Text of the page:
Cons often involve money being swindled, but Konnikova suggests financial gain is hardly ever the main motive.

“I think the reason is that they're after that power – it's almost like an addiction to them – that rush, that control over people's lives,” she says. “They're in your hands and you don't even know it. I think they find that very difficult to give up – ultimately that's what it's about, power over people.”

Just one of the case histories in her book involves Ferdinand Demara, a master hoaxer who impersonated a surgeon, psychologist, professor, monk, teacher, prison warden and civil engineer, among dozens of aliases.

“There are all sorts of cons where no money exchanges hands,” she says. “It's a matter of prestige, reputation and putting one over on people.”

Investigator David Sullivan inoculated himself from influence by expecting to be conned when he went undercover in religious cults. That meant he wouldn't fall into what's called “confirmation bias”, or rationalising out facts which don't fit the narrative being sold.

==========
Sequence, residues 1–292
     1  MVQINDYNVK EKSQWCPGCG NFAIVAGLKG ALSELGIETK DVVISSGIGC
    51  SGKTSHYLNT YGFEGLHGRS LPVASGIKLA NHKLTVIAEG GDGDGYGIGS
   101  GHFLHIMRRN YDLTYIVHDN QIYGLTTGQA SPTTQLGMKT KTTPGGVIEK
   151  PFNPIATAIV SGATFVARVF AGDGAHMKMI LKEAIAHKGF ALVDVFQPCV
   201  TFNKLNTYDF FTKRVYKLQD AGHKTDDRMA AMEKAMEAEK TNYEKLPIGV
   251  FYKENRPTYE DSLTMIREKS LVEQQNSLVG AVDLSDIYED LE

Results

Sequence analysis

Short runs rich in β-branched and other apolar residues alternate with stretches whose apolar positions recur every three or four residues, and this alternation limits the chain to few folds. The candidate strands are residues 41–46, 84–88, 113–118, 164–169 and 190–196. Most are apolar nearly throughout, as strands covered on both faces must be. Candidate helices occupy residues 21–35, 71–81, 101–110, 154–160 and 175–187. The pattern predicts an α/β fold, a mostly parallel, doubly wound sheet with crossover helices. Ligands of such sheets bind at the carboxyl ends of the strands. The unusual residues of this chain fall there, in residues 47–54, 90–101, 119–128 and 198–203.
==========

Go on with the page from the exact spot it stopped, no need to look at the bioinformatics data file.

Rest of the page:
“There are certain things we can take from that and use in any situation,” says Konnikova. “Having a strong sense of self is incredibly important and will make you less vulnerable – being more certain of who you are, what's important to you and what motivates you means you won't need other people to fulfil that need.

“The less we rely on other people for that, the better off we are in terms of our susceptibility.”

But being suspicious of everyone has its drawbacks. Konnikova was so affected by her research that she “wanted to lock myself in a room and not talk” to anyone. Eventually, though, she realised it was fine to trust people.

“Hope is a good thing,” she says. “I don't want to give up hope just because people can take advantage of me.”